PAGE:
Because gases are abruptly exhausted through the hole, adiabatic expansion occurs. Thus cooling is expected. In some oil circuit breakers this is the main effect utilized. Some sci­entists maintain that in oil circuit breakers with an explosion chamber, arc suppression can be entirely explained by the cooling effect owing to the adiabatic expansion. In fact, how­ever, insulating oils exhibit not only the arc suppression prop­erty resulting from the cooling effect of hydrogen, but also the substantially different suppression properties of the oils themselves. In high-current arc suppression, these two types of suppression properties are combined.

In circuit breakers with an explosion chamber, a large pressure rise is expected in the chamber in the case of high — current arc suppression, but not in the case of low-current suppression. Thus in the latter case the breaking time is longer, because the arc must be suppressed by the cooling ef­fect of hydrogen alone. Therefore, the breaking time shows a maximum at a certain magnitude of current (the critical cur­rent). But this breaking time is much shorter than that of the plain-break oil circuit breaker. A circuit breaker with an explosion chamber necessarily has plural arc suppression mechanisms.

In some circuit breakers, in the region of the critical cur­rent, the auxiliary flow of the oil is forced by a piston to sup­plement the pressure rise and the conduction cooling effect. By this means a constant breaking time is obtained over a wide range of current.

Plane-break oil circuit breakers are used for low voltages and low currents, such as 3.6 kV to 7.2 kV and 4 kA to 8 kA. Oil circuit breakers with an explosion chamber are used for high voltages and high currents. In the case of multibreak circuit breakers, 700 kV with currents of several tens of kilo — amperes have been achieved (1).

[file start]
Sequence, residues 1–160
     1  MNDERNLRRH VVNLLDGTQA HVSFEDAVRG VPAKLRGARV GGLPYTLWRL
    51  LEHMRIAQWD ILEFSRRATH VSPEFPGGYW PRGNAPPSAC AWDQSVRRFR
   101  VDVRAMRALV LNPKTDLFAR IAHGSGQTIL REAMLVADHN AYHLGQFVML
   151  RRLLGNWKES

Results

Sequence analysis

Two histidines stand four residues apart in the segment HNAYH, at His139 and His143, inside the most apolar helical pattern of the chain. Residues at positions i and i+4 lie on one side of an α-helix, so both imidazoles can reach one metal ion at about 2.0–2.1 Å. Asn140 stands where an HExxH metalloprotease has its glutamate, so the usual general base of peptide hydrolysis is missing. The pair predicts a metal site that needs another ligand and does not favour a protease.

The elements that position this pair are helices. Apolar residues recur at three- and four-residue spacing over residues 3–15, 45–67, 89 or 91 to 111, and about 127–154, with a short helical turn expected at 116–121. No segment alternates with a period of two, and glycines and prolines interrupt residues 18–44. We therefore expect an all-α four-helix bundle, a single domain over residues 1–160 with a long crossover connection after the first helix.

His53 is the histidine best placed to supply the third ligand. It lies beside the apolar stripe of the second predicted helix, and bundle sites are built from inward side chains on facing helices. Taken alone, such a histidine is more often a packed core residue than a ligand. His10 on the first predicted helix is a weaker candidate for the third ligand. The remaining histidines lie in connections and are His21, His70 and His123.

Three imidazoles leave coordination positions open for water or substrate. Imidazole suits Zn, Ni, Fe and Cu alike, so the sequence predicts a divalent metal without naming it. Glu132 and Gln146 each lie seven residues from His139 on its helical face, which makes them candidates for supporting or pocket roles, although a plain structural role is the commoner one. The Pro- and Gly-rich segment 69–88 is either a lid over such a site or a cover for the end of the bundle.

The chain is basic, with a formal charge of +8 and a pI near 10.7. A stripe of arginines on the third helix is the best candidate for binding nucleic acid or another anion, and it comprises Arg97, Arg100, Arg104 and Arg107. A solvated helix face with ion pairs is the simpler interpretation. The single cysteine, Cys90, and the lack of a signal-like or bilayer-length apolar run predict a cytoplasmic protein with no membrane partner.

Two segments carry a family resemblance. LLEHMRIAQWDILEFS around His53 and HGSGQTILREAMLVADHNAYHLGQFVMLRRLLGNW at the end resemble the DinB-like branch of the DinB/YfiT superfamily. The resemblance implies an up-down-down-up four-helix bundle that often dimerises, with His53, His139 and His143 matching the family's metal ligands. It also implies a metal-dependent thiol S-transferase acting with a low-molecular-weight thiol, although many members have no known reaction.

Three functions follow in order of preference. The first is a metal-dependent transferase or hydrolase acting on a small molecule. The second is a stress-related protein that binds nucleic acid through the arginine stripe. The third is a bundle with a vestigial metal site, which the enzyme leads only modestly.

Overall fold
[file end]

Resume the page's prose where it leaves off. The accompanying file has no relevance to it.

DISCHARGE RESISTANCE

The behavior of insulating liquids under highly stressed con­ditions and under conditions of partial discharge are among the most important items in screening tests for newly devel­oped insulating liquids and also in the routine testing of liquids.

Gassing Rate

Methods of evaluating gas absorption and evolution of insu­lating oils under high stress after saturation with a gas are described in IEC 628 and ASTM D 2330. The fundamental approaches are similar to each other and amount to a modi­fied Pirelli method.

The condition used in such methods differs from actual field conditions, especially in the case of hermetically sealed equipment such as power cables, capacitors, and many power transformers.

Discharge Resistance

To evaluate the behavior of insulating liquids in a highly stressed impregnated system and to obtain numerical results for the recently developed impregnants with very high resis­tance to partial discharge, the above-mentioned methods are not sufficient. As new liquids, especially with high aromatic — ity, are developed and applied voltage stresses are progres­sively increased, a new method is needed to characterize the ability of such insulating liquids to prevent or suppress par­tial discharge under high stress. One of these methods, deter­mination of the partial discharge inception voltage with a needle and spherical ball oil gap, is described in IEC 61294. The partial discharge inception voltage obtained by this method is largely related to the chemical structure of the liq­uid and is correlative to partial discharge in impregnated in­sulating systems such as capacitor elements.